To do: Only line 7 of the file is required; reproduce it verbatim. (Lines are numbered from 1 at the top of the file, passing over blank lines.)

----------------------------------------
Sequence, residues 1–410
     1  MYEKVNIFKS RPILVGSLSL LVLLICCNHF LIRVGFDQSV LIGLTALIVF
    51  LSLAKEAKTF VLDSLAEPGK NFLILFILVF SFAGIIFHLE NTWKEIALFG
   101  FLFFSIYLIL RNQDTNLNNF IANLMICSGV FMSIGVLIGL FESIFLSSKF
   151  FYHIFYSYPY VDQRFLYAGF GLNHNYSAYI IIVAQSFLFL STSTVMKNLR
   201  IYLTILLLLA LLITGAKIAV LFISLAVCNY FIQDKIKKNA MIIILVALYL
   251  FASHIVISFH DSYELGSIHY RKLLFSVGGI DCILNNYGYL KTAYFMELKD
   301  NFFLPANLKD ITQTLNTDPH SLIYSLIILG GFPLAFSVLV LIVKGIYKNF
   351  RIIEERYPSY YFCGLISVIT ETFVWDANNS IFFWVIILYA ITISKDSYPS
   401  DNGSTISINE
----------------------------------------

   251  FASHIVISFH DSYELGSIHY RKLLFSVGGI DCILNNYGYL KTAYFMELKD